Development of educational programs about the importance of health standards on various platforms such as television, advertising, and cyberspace, as well as education and necessary warnings about the consequences and complications of the COVID-19, are among effective strategies that can be used to inform people who ignore precautionary measures. In addition, it may be useful to develop various entertainment programs in the digital space to improve family leisure time, alternative financial programs such as loans to guarantee the level of income earned before the corona, in particular those requiring daily livelihoods.


We have found some limitations in this study. One of the weaknesses of this study was the unique circumstances created by Corona at the community level, and it was particularly difficult for researchers to schedule and interact properly with the interviewees. Lack of face-to-face interview conditions and worries about the researcher being contaminated by interviewees due to non-compliance with health standards are among other constraints that we have encountered.

Availability of data and materials

The datasets used and/or analyzed during the current study are available from the corresponding author on reasonable request.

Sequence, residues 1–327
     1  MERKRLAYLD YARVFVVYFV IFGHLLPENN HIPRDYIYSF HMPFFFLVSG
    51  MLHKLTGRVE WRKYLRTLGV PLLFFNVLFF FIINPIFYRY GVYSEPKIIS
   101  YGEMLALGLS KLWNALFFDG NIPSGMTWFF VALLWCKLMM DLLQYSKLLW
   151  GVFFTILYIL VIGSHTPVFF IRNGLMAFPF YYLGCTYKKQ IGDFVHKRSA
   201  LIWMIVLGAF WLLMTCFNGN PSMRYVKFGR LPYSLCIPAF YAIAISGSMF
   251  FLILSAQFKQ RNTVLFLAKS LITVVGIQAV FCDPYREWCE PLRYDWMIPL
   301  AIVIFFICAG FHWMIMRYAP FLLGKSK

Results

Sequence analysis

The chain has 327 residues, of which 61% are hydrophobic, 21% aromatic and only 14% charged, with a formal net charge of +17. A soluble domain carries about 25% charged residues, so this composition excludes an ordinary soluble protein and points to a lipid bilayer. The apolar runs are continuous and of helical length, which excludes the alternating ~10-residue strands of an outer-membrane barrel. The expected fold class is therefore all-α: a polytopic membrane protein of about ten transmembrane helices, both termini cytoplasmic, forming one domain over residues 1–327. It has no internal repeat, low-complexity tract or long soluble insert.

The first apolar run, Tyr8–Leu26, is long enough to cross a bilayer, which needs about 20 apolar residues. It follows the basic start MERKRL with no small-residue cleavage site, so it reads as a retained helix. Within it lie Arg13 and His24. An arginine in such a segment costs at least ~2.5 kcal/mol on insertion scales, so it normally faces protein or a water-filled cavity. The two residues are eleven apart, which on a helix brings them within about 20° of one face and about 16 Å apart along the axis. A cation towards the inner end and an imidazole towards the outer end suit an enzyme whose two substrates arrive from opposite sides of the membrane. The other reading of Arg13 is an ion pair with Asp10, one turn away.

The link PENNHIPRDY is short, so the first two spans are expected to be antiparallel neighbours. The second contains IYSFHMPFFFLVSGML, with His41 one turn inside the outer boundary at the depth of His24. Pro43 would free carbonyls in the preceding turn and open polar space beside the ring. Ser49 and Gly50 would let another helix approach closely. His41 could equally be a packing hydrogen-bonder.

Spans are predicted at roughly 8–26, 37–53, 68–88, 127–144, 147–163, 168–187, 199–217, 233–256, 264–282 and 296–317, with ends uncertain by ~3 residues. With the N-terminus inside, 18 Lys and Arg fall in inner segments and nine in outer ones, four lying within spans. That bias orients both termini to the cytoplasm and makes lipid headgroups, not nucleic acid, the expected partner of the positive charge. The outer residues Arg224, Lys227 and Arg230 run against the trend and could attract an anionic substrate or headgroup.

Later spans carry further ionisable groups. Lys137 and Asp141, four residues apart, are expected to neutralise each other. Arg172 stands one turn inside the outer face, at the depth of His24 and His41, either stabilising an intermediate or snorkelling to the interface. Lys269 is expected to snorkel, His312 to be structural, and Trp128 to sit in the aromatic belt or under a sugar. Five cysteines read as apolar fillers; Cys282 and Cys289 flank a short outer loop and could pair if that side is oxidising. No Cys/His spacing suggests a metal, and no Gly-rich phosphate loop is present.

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The authors would like to thank all interviewees who participate in this study.


The study was funded by Isfahan University of Medical Sciences, Isfahan, Iran with research code No. 199049.

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Authors and Affiliations



MN designed the study. MN and ZH drafted the manuscript. Both authors read and approved the final manuscript.

Corresponding author

Correspondence to Mehdi Nosratabadi.

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Ethics approval and consent to participate

The study received the required ethics approval from the Isfahan University of Medical Sciences Research Ethics Committee, Isfahan Iran, with Ethics Code No. IR.MUI.REC.1399.048. Also, participants sign a written informed consent in which they have been assured that their identities and responses will be anonymous and that participants' data will be kept confidential as possible.

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Not applicable.

Competing interests

The authors declare that they have no competing interests.

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Supplementary Information

Additional file 1.

Interview guide.

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Halvaiepour, Z., Nosratabadi, M. Identifying social perceptions of people ignoring COVID-19 warnings: a qualitative study in Iran. BMC Res Notes 14, 382 (2021).